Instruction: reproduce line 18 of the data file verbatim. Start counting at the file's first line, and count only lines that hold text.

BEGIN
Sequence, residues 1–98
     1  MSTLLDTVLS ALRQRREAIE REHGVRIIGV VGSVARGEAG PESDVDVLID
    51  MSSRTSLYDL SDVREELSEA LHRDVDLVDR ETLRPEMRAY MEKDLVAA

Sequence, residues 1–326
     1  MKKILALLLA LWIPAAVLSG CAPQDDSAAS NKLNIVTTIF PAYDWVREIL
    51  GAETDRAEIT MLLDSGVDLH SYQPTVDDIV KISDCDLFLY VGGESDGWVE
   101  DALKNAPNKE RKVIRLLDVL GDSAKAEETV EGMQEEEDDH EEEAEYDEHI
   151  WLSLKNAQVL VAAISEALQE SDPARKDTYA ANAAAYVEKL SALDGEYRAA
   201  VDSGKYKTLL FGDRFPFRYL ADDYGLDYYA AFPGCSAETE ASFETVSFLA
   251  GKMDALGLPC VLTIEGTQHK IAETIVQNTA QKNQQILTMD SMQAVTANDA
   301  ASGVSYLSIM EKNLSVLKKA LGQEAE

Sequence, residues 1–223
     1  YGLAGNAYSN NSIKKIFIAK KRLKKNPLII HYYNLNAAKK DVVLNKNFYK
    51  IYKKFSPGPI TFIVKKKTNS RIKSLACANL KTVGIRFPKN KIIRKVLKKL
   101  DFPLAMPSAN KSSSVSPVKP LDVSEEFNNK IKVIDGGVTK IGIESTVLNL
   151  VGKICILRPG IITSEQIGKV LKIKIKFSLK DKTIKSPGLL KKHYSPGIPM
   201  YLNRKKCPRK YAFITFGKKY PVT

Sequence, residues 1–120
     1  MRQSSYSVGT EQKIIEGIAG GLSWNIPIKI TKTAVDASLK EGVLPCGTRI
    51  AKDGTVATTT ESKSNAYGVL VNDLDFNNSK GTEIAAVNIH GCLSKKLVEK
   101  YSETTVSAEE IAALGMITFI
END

Sequence, residues 1–120